To coincide with Halloween and the general theme of ghouls, ghosts and goblins, we decided to concoct our list of five real life PR horror crimes committed by big brands who really ought to know better.
SOME FRIGHTENINGLY BAD PR FAILS
Supermarkets launch ‘mental patient’ fancy dress costume
Let’s kick it off with one that is based on Halloween itself. A few years ago, Asda and Tesco decided that it would be a good idea to sell costumes of ‘mental and pyscho ward’ patients for Halloween, sparking a Twitter storm.
The £20 Asda outfit included ragged clothing, fake blood, a mask and fake meat cleaver while Tesco’s orange boiler suit came with a plastic jaw restraint and offered to “complete the look” with a machete. Safe to say it didn’t go down hugely well with mental health campaigners and many others who criticised the retailers for stigmatising people with mental health issues.
After the fierce backlash, Asda quickly removed its “mental patient fancy dress costume” from its website, and Tesco later withdrew its “psycho ward” outfit. Following outrage, including from one “stunned” mental health charity, both stores apologised for any offence caused and agreed to make donations to the mental health charity, Mind.
We’re staggered that not one, but two retailers ever thought this was a good idea.
The Walkers Crisps Twitter Sabotage
Last year, Walkers Crisps saw their “Walkers Wave” campaign sabotaged on social media within hours by pranksters, resulting in their crisp-eater-in-chief Gary Lineker being pictured clutching photos of Fred West and Harold Shipman in online videos on Twitter.
Devised to celebrate the Champions’ League Final, the campaign included a competition to win tickets to the game and Walkers asked social media users to respond to a tweet from the official Walkers Crisps Twitter account with a selfie, using the hashtag #WalkersWave, as part of the chance to win the tickets.
The user’s picture would then be incorporated into a personalised video, featuring Gary Lineker, automatically tweeted and captioned by Walkers. Sensing a flaw in Walkers’ campaign tactics, people on Twitter started to respond with pictures of serial killers and disgraced celebrities.
The campaign was pulled quickly and all activity shut down – awkward!
Subway tells women to lay off burgers so they’ll look sexy for Halloween
Our second Halloween inspired PR fail on the list. This one is a few years old but still a classic case of ‘who on earth thought it was a good idea to sign that campaign off?’.
In the weeks leading up to October 31st, fast food chain Subway aired a new advert that told women to avoid fatty food so that they can squeeze into skimpy Halloween costumes. The TV clip showed a woman having lunch with office colleagues, who is horrified at catching them eating burgers for their lunch. The woman (who happened to be slim) then exclaims that Halloween is coming and that ladies should stay in top shape so that they can look their best in sexy fancy dress.
Unsurprisingly this caused outrage among women, who demanded it be pulled from airwaves. A spokesperson for the brand said: “We understand that some people may not have picked up on the intended humour in our US Halloween commercial. Our objective was certainly not to offend anyone.”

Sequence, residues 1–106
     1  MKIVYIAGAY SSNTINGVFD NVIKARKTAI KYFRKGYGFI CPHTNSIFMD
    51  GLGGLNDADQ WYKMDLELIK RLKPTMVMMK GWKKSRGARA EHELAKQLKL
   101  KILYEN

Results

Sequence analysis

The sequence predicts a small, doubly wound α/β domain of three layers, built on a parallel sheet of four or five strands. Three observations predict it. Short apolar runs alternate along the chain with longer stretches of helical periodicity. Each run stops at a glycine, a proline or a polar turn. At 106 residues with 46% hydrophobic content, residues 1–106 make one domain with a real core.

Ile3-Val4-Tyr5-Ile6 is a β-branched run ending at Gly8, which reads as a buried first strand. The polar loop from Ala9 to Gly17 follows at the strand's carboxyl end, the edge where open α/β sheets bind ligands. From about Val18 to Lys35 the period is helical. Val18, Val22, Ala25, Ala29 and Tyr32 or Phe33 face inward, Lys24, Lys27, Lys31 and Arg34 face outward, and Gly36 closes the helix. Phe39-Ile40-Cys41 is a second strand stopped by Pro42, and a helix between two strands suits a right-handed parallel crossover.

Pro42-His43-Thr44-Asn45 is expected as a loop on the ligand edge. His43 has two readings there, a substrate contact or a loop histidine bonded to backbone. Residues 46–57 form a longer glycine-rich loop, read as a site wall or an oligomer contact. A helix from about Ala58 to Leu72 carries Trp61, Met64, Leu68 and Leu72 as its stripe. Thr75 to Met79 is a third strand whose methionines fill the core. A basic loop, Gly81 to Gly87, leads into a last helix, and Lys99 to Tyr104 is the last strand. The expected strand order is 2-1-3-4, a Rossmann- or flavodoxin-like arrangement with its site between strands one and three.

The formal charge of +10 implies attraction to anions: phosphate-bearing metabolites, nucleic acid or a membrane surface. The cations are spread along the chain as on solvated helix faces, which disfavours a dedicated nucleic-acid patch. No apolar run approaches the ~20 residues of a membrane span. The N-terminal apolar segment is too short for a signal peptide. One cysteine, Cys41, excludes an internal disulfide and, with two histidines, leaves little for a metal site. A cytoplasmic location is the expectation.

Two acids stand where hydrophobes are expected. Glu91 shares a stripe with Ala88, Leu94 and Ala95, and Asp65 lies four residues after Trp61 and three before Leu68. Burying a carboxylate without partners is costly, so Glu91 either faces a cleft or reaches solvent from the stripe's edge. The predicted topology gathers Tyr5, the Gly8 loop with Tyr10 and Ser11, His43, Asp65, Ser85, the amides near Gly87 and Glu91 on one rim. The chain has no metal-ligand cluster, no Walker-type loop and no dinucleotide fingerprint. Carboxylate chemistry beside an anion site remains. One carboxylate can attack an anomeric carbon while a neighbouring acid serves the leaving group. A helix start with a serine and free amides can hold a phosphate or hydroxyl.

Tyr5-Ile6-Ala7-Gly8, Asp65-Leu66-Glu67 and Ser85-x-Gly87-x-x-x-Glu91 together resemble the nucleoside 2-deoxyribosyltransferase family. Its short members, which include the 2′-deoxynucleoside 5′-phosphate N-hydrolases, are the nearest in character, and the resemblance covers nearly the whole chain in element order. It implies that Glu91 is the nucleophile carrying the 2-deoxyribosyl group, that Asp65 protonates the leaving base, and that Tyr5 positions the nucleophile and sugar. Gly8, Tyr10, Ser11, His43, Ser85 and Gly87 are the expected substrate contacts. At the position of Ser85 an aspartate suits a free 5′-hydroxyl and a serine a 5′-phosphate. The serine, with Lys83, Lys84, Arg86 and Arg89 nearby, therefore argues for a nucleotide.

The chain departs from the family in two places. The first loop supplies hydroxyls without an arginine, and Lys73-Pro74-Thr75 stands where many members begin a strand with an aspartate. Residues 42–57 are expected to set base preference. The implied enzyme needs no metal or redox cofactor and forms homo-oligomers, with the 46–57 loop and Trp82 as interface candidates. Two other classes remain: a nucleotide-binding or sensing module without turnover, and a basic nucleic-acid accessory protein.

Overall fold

Urban outfitters release a blood-stained Kent State University sweatshirt
Our third and final Halloween example is a lesson in how to not do a PR stunt. Urban Outfitters launched a “vintage, one-of-a-kind Kent State sweatshirt” for just $129 shortly before Halloween. The shirt was decorated with a blood spatter-like pattern, reminiscent of the 1970 “Kent State Massacre” that left four people dead.
This regrettable product choice quickly resulted in outrage and Kent State University lashed out at the retailer’s decision to sell the sweatshirt, saying: “We take great offence to a company using our pain for their publicity and profit.”
As outrage spread further, Urban Outfitters issued an apology for the product claiming that the product was “purchased as part of our sun-faded vintage collection.” The company added that the bright red stains and holes, which certainly seemed to suggest blood, were simply “discoloration from the original shade of the shirt and the holes are from natural wear and fray.” The statement added: “We deeply regret that this item was perceived negatively.”
Publicity stunt cringe all-round!
Lady Doritos – crisps for women
You would think most crisp-type snacks would fall into a unisex category, but earlier this year the CEO of PepsiCo, which makes Doritos, thought there was a need for a cleaner, quieter version of the snack just for ladies.
In an interview with Freakonomics Radio, Indra Nooyi said that while men ate the fluorescent triangular snacks licking their orange fingers “with great glee” and pouring the scraps from the bottom of the bag into their mouths, women didn’t.
“They don’t like to crunch too loudly in public. And they don’t lick their fingers generously and they don’t like to pour the little broken pieces, and the flavour, into their mouths.”
We hope this was just a bad PR stunt and that PepsiCo isn’t actually launching a female version of Doritos (Doritas?). Gender marketing sometimes works (think ‘Yorkie’ the chocolate that was marketed in 2002 as “not for girls” increased sales that first year by 30%) but on the whole, we find it hugely patronising.
There is no place and no need for “female-friendly” crisps. End of.
Doritos makers say women don’t like licking their fingers….
I’m trying to find an appropriate response that won’t attract the wrong kind of Twitter followers.
Shall we stick with, Doritos – wise up.
— Claire Allan 🌹🍏 (@ClaireAllan) February 4, 2018
WE ASKED FOR EQUAL PAY, WE DIDN’T ASK FOR THIShttps://t.co/BEgoy4kSqZ
— Monique Jaques (@moniquejaques) February 5, 2018